on 31 December 2010
Picked this up casually, thinking it might have handy references. It does, and it's also a great read.
The author surveys the history of landless robbers in England and the popular reaction to their deeds. Mostly from literary sources, but with plenty of formal records and juicy footnotes. The chapters are fairly short and nicely divided.
The cover has the image of an 18th century highwayman, but the book goes way beyond the formula of Dick Turpin. Starts with the resistance to the new Norman overlords, followed by the growth of the Robin Hood legend, along with the practice of impoverished noblemen and gentry using robbery to assert their rightful place. The superiors withdraw, to be replaced by desperados, and finally all resistance is crushed by the state.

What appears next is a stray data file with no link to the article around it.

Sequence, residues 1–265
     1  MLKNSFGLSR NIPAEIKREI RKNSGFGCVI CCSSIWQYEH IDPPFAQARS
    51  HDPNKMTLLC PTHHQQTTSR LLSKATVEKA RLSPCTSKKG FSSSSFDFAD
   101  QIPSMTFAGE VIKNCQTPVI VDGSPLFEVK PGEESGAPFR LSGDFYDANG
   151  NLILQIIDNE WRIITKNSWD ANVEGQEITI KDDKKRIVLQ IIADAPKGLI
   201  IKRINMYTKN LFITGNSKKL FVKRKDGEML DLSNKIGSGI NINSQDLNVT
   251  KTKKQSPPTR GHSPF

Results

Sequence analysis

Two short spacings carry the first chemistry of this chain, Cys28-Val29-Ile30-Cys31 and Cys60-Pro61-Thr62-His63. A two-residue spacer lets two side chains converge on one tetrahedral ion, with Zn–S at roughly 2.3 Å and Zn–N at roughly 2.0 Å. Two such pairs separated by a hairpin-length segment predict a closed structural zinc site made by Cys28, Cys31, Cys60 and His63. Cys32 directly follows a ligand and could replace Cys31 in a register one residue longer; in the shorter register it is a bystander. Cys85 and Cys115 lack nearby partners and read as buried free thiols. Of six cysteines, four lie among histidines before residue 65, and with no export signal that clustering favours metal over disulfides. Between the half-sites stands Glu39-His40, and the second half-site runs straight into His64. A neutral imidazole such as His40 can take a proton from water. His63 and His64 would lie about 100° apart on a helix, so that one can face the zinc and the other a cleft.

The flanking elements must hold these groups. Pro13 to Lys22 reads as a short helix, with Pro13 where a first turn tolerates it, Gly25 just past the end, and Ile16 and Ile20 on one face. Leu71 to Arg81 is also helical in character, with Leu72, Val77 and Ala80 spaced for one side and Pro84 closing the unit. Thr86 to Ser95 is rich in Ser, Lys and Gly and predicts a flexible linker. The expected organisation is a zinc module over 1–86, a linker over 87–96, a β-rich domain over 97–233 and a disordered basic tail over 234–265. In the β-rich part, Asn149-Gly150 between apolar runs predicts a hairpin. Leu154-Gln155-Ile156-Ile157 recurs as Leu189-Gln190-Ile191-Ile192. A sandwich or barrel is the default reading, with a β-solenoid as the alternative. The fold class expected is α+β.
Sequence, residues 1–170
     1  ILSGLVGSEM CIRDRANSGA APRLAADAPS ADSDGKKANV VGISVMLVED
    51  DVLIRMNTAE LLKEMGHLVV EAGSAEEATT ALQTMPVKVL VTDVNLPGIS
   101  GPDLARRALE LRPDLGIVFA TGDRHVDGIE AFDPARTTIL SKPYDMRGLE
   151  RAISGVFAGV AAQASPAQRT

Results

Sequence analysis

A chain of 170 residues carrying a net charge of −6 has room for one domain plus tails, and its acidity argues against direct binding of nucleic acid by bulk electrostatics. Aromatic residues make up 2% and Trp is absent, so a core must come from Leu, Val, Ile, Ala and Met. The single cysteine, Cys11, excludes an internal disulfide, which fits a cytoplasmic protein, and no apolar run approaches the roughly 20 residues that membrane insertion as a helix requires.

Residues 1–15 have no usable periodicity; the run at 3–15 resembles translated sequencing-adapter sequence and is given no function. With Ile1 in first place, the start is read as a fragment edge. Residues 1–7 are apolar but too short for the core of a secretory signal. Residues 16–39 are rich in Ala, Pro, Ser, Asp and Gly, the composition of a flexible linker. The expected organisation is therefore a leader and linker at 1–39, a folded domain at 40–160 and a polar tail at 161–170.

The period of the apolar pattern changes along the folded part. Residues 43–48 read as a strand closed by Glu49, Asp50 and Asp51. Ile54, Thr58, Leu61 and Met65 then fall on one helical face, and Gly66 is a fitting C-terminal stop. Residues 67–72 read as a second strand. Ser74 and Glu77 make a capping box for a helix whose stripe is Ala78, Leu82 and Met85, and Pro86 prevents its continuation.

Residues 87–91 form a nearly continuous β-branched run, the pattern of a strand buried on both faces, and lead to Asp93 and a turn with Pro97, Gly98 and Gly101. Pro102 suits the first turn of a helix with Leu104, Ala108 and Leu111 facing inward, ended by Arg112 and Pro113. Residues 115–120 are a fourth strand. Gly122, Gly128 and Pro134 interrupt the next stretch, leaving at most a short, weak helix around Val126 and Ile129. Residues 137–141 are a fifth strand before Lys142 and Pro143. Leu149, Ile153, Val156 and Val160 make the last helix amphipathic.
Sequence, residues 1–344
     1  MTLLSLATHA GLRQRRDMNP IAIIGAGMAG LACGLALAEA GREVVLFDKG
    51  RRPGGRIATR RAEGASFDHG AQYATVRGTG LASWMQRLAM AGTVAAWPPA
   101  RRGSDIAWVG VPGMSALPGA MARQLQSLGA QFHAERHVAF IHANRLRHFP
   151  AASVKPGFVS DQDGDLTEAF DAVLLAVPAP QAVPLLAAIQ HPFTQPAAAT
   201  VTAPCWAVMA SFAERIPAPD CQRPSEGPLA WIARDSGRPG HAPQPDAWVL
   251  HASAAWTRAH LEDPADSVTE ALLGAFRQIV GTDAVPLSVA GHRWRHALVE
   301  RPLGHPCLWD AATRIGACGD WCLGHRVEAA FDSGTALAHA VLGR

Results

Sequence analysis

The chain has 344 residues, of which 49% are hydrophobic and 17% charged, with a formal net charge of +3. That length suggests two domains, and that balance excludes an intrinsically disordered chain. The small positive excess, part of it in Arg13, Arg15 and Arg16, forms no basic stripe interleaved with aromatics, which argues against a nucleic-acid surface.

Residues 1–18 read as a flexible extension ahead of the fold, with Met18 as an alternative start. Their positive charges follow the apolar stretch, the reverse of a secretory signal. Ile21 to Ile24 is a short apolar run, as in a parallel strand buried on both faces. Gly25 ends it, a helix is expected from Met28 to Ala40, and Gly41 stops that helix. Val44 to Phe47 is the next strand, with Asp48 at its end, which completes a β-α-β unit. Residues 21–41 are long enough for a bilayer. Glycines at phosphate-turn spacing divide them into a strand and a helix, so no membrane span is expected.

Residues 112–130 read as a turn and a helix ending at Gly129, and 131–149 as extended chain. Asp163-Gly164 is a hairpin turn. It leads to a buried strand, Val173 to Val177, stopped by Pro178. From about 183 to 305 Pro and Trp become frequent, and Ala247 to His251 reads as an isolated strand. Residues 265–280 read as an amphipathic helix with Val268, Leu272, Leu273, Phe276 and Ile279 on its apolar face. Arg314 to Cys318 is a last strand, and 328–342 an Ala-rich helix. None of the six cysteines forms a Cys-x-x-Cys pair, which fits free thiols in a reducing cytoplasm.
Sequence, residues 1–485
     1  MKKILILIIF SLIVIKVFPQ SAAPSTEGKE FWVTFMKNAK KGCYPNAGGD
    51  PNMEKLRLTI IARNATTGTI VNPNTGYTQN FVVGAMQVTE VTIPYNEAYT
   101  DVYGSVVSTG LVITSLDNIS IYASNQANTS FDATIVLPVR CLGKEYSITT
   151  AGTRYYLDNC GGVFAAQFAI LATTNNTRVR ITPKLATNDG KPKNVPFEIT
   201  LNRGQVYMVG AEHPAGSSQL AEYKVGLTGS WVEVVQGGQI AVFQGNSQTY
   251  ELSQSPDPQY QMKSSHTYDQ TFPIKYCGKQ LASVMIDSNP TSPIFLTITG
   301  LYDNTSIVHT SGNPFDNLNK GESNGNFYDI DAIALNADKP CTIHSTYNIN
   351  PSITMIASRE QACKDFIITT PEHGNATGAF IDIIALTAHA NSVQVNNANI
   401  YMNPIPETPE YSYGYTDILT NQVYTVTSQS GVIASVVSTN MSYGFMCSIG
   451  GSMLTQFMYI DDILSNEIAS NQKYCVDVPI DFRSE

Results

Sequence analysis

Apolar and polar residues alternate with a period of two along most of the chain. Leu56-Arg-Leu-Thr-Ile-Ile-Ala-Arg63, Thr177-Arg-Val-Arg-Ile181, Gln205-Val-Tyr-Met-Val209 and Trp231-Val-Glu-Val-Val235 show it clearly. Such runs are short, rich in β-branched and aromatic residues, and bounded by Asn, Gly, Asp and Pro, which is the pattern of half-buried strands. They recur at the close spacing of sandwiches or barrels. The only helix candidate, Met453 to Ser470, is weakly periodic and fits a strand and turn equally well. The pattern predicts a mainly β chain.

I got to the chapter on the Beggar's Opera and expected to lose interest, but found good insight on the theme of the mighty escaping justice while the lowly suffer their punishment. Same as it ever was. After that you still have the Dick Turpin story to enjoy.
The writing is excellent: clear analysis, good stories - some jolly, some gruesome - and a strong dose of the sceptics. Nice to see the author firing a couple of shots over the head of Eric Hobsbawm to frighten off his theories.
I got a sense that journalism has thrived on this criminal behaviour for hundreds of years. I suppose that's how American newspapers made their money in the wild west. Would be interesting to read the same treatment for English and Irish outlaws in Ireland and the New World.
p.s. the reference I was looking for is to Thomas Lee.